Compassionate, inventive, and politically astute, Undrowned offers a new kind of critical praxis equal to the complexities of our time.
I am grateful to Helen H.Y. Kim and Roger Mathew Grant for first talking this review through with me and encouraging me to write it. Many thanks also to Arne De Boever and Paul Bové for thoughtful feedback on the piece.
Gavin Steingo is a South African musicologist and composer. He currently teaches at Princeton University.
[i] For what it is worth, the film recently won an Academy Award for Best Documentary Feature.
[ii] Flusser’s book on precisely this topic remains a compelling read. See Vilém Flusser, Vampyroteuthis Infernalis: A Treatise, with a Report by the Institut Scientifique de Recherche Paranaturaliste, translated by Valentine A. Pakis (Minneapolis: University of Minnesota Press, 2012); originally published in 1987.
[iii] As I write this, the cuttlefish (a relative of the octopus) passed a version of the “marshmallow test,” which supposedly proves the animal’s ability to delay gratification, that is, to exert deliberate self-control. See Alexandra K. Schnell, Markus Boeckle, Micaela Rivera, Nicola S. Clayton, and Roger T. Hanlon, “Cuttlefish Exert Self-Control in a Delay of Gratification Task,” Proceedings of the Royal Society B, 288(2021): 2882020316120203161. On octopus intelligence more generally, see Peter Godfrey-Smith, Other Minds: The Octopus, the Sea, and the Deep Origins of Consciousness (New York: Farrar, Straus, and Giroux, 2016).
[iv] It is interesting to ponder which of the two registers led to its being awarded an Oscar.
[v] See Krog, Begging to be Black (Cape Town: Struik, 2009).
[vi] Prior to Undrowned, Gumbs penned a theoretical-poetic trilogy for Duke University Press, with each book in the trilogy serving as a direct, if somewhat elliptical, engagement with a single writer: Spill: Scenes of Black Feminist Fugitivity (Durham: Duke University Press, 2017)—Hortense Spillers; M Archive: After the End of the World (Durham: Duke University Press, 2018)—M. Jacqui Alexander; Dub: Finding Ceremony (Durham: Duke University Press, 2020)—Sylvia Wynter.
[vii] This is perhaps too reductive a way to say it, since of course much important work at this very intersection exists. Of particular note is the work of Colin Dayan; see, for example, The Law is a White Dog: How Legal Rituals Make and Unmake Persons (Princeton: Princeton University Press, 2017).
[viii] I think especially of M Archive, although Dub is also relevant in this regard.
[ix] This is not meant metaphorically; as she writes elsewhere in the book: “Researchers say, if whales returned to their pre-commercial whaling numbers, their gigantic breathing would store as much carbon as 110,000 hectares of forest, or forest the size of Rocky Mountain National Park.” See Undrowned, p. 24.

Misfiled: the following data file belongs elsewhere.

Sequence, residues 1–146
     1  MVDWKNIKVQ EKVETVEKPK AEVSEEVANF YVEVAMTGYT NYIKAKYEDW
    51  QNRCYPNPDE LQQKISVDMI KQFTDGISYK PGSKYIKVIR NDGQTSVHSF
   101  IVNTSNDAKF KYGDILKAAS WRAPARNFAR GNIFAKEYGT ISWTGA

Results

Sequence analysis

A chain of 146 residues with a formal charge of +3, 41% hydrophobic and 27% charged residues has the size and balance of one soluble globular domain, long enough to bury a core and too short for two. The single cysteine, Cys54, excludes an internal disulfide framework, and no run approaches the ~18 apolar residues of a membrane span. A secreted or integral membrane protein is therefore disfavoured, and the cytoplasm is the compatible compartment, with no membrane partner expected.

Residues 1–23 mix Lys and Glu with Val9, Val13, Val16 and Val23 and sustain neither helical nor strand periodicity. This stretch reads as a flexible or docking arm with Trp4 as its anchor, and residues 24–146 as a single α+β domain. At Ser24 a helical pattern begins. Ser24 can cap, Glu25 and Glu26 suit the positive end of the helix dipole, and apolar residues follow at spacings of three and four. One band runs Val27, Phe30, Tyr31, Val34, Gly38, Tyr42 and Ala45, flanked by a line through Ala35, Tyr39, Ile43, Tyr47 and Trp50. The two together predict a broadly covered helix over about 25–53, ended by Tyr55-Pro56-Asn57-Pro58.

[x] Achille Mbembe, “The Universal Right to Breathe,” In the Moment, 13 April, 2020, https://critinq.wordpress.com/2020/04/13/the-universal-right-to-breathe/
[xii] On the topic of utopian thinking in relation to Blackness, see Linette Park’s recent and excellent, “Fantasies of Utopia: On the Property of Black Suffering (Review of Alex Zamalin’s Black Utopia: The History of an Idea from Black Nationalism to Afrofuturism),” boundary 2 review, 25 March, 2021, https://www.boundary2.org/2021/03/linette-park-fantasies-of-utopia-on-the-property-of-black-suffering-review-of-alex-zamalins-black-utopia-the-history-of-an-idea-from-black-nationalism-to-afrofuturism/
[xiii] Roger S. Payne and Scott McVay, “Songs of Humpback Whales,” Science 173.3997(1971): 585-597.
[xiv] As quoted in D. Graham Burnett, Sounding of the Whale: Science and Cetaceans in the Twentieth Century (Chicago: University of Chicago Press), p. 530.
[xv] As quoted in Thousand Mile Song: Whale Music in a Sea of Sound (New York: Basic Books, 2008), p. 45.
[xvi] Dub: Finding Ceremony (Durham: Duke University Press, 2020), p. 18.
[xvii] Frank Wilderson has made this exact argument with crushing rigor in a number of publications, including, most recently, Afropessimism (New York: Liveright Publishing, 2020).
[xviii] I am at work on a book tentatively titled, Splendid Universe: Music and Interspecies Communication.
[xix] See Sigmund Freud, A General Introduction to Psychoanalysis, translated by Joan Riviere (New York: Permabooks, 1958).